The county zoning ordinance states advertising for goods or services not available on site is forbidden, largely to avoid the proliferation of billboards. Jonathan Puvak, an attorney representing Monday Properties, argued at Saturday’s County Board meeting that thanks to specific restrictions proposed by the applicant, making an exception for the Jumbotron would not create a new precedent and wouldn’t spur billboards. The Board, however, still voted unanimously in favor of the county staff recommendation.
Monday Properties was seeking to replace the eight-year-old screen because it’s no longer capable of displaying the WJLA’s high definition broadcasts. At the moment, it can only display a weather map. Before the vote, Puvak said the Jumbotron may simply be taken down unless the sponsorship aspect was approved.
“Without the sponsorship element, it’s likely that the new screen will not be installed, and both the ticker and the Jumbotron will eventually come down, as they’re no longer maintainable,” Puvak said.
The 8-year-old “Jumbotron” screen outside the WJLA building in Rosslyn has “fallen into disrepair” and needs to be replaced, according to a staff report filed in advance of this Saturday’s Arlington County Board meeting.
WJLA is asking the County Board to approve a site plan amendment that would allow the station to install a new high definition screen in place of the existing standard definition Jumbotron. The new screen would be smaller: 164 square feet compared to the current screen’s 172 square feet. It would also have a rectangular 16:9 aspect ratio, as opposed to the more square 4:3 aspect ratio of the current screen.
County staff is recommending the Board approve the new screen, but deny a separate request from WJLA to dedicate a portion of the screen to “commercial sponsor messages” unrelated to the normal WJLA programming.
According to the staff report:
The applicant is proposing that the Jumbotron screen be redesigned to display the WJLA broadcast on the main portion of the screen, with static community/cultural messages occupying 15% of the screen and static commercial sponsor messages occupying 8% of the screen. Currently, the screen displays the WJLA broadcast and interrupts service periodically to display community/cultural messaging.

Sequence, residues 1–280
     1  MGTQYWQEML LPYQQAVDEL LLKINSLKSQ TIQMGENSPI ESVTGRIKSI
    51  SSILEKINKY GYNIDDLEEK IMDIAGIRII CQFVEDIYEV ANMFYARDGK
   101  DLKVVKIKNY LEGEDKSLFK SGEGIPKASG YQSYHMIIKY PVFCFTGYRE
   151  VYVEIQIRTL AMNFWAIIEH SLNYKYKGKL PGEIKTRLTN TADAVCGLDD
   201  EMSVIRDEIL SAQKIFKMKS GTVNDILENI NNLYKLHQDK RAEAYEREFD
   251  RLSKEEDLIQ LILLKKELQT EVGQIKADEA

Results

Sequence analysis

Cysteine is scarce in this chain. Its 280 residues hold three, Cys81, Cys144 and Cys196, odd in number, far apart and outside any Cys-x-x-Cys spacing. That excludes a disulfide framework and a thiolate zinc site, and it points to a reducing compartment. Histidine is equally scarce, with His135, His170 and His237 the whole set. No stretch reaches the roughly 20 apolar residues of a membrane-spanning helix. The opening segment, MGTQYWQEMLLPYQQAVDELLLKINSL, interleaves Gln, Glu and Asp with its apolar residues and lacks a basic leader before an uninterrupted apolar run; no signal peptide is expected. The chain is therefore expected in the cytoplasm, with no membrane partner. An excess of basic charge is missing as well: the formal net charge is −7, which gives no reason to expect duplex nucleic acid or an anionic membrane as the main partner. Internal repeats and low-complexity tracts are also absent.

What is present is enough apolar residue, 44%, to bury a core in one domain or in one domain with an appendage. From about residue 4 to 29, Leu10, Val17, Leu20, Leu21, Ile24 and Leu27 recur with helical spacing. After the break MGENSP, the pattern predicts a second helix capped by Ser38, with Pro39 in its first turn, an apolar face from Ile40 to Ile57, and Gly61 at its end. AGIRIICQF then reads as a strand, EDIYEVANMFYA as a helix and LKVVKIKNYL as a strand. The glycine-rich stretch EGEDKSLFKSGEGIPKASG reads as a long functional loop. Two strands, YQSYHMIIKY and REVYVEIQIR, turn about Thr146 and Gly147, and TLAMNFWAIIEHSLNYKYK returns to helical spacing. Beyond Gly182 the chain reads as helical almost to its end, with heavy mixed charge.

“Such a use is prohibited by the Zoning Ordinance and a modification to allow it would be unprecedented in the County,” county staff writes.
The applicant agreed to a condition prohibiting deliberate commercial messages on the screen when the Jumbotron was approved in 2003… The Sign Ordinance prohibits the advertising of goods and services not available on the lot in which it is advertized [sic] due to the potential deleterious impacts that would result from such signs, including the proliferation of “billboards,” and the potential for increased sign clutter. There is no precedent for the County Board to approve a modification to this regulation as staff is not aware of such signs having been approved under the current Sign Ordinance.
It’s unclear if WJLA will proceed with the screen replacement if the County Board does not approve the commercial message portion of their request. It’s also unclear what exactly is broken in the current screen. A representative of Allbritton Communications, the parent company of WJLA, did not reply to a request for comment.
No changes to the wrap-around news ticker on either side of the screen are included in the request.
(Updated at 1:10 p.m.) Police investigated a bomb threat at the WJLA (ABC 7) building (1100 Wilson Blvd) in Rosslyn this afternoon.
Initial reports suggest the threat was non-specific. Pedestrian traffic was still allowed in and out of the building as normal as police and building employees searched in and around the building. A police dog could be seen sniffing around news vans at the station’s parking lot.